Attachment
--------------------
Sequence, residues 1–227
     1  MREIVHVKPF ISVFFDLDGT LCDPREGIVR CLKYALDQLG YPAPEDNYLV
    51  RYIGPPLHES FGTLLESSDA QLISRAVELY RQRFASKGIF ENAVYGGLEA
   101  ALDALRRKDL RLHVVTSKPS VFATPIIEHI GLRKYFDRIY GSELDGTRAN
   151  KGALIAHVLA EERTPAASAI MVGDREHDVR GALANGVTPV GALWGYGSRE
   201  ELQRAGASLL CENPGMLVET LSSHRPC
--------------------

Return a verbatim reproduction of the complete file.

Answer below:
Sequence, residues 1–227
     1  MREIVHVKPF ISVFFDLDGT LCDPREGIVR CLKYALDQLG YPAPEDNYLV
    51  RYIGPPLHES FGTLLESSDA QLISRAVELY RQRFASKGIF ENAVYGGLEA
   101  ALDALRRKDL RLHVVTSKPS VFATPIIEHI GLRKYFDRIY GSELDGTRAN
   151  KGALIAHVLA EERTPAASAI MVGDREHDVR GALANGVTPV GALWGYGSRE
   201  ELQRAGASLL CENPGMLVET LSSHRPC